Phone Reviews: iPhone Hardware

The hardware

Industrial design

We're just going to come out and say it: the iPhone has the most beautiful industrial design of any cellphone we've ever seen. Yes, it's a matter of taste, and while we imagine some won't agree, we find it hard to resist the handset's thoughtful minimalism and attention to detail.

The edges of the beautiful optical-grade glass facade fit seamlessly with its stainless steel rim; the rear is an incredibly finely milled aluminum, with a hard, black plastic strip at the bottom, covering the device's antenna array, and providing small, unsightly grids of holes for speaker and mic audio. On the rear is the slightly recessed 2 megapixel camera lens, a reflective Apple logo, and some information about the device (IMEI, serial, etc.) in nearly microscopic print. (Sorry, iPhone engravings don't seem to be available yet for online customers.)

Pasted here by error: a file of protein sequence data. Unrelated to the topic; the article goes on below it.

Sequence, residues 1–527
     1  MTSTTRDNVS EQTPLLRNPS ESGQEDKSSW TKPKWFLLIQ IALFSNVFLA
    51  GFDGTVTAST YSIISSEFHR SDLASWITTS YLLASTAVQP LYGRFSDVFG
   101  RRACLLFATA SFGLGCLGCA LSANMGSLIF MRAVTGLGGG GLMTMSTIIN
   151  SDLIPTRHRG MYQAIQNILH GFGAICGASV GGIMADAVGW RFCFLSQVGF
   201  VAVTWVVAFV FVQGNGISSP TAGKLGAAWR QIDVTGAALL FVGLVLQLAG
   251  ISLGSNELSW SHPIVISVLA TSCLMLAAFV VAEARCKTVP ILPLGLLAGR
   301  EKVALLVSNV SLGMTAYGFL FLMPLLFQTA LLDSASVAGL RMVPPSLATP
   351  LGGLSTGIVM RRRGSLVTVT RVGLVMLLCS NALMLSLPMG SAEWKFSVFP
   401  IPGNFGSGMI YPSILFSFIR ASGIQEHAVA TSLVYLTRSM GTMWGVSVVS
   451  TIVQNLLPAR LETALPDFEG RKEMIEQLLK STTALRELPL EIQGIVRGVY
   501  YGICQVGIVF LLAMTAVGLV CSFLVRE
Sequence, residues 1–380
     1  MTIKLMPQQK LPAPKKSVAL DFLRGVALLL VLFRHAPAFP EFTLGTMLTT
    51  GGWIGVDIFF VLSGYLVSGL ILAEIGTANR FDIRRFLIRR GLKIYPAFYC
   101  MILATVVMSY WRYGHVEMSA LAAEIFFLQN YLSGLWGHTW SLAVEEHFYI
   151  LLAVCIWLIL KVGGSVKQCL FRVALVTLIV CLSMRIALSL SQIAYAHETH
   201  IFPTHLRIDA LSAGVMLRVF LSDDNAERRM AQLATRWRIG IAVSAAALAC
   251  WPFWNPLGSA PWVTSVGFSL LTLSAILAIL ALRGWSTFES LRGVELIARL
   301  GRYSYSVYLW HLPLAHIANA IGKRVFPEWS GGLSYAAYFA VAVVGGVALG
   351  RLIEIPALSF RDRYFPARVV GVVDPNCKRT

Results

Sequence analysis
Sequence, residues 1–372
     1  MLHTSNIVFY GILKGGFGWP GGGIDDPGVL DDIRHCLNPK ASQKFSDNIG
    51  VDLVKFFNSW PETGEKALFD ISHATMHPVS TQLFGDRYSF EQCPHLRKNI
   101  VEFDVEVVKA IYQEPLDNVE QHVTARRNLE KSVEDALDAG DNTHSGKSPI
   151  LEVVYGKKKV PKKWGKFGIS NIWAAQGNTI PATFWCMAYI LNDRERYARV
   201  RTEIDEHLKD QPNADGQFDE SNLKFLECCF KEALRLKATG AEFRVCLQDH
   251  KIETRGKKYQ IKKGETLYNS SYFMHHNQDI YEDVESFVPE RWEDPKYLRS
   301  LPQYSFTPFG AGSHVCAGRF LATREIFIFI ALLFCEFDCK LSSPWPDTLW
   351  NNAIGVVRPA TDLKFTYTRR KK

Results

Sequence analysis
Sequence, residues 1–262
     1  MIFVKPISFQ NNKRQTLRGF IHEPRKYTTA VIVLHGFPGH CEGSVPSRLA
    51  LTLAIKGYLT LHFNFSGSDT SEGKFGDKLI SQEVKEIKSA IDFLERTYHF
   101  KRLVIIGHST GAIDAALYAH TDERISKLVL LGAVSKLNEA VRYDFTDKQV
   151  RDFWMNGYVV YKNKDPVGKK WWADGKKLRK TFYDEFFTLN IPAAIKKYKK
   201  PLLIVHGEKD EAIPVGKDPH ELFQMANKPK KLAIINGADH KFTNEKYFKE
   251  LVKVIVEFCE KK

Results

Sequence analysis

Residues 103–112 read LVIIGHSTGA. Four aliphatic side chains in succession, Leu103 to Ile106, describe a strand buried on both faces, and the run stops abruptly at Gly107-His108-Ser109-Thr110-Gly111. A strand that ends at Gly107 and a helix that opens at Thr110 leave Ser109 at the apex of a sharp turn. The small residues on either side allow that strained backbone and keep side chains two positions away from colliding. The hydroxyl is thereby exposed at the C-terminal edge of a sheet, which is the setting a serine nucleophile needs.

The iPhone's curves and geometry make it incredibly comfortable to hold. It fits well in the hand horizontally and vertically (completely one-handed operation is a snap in portrait mode), and its slim profile lets it slip into even a tight pocket with little effort. The device feels incredibly sturdy and well balanced -- no end seems any heavier than another. Every edge blends perfectly with the next (which will probably help fight gunk buildup over time), and holding the device to one's ear is comfortable enough, although not as comfortable as, say, the HTC Touch.

Our only real complaint with the device's design isn't one we take lightly: Apple went to the trouble of giving the iPhone a standard 3.5mm headphone jack, but the plug is far too recessed to use most headphones with -- we tested a variety, and were highly unimpressed with how many fit. What's the point of a standard port if it's implemented in a non-standard way? Apple might have at least included an extender / adapter for this, but didn't. Luckily, the iPhone earbuds sound very decent, and also include a minuscule, clicky in-line remote / mic -- but that's not going to alleviate the annoyance for the myriad users with expensive Etys or Shures who have to pay another $10 for yet another small part to lose.


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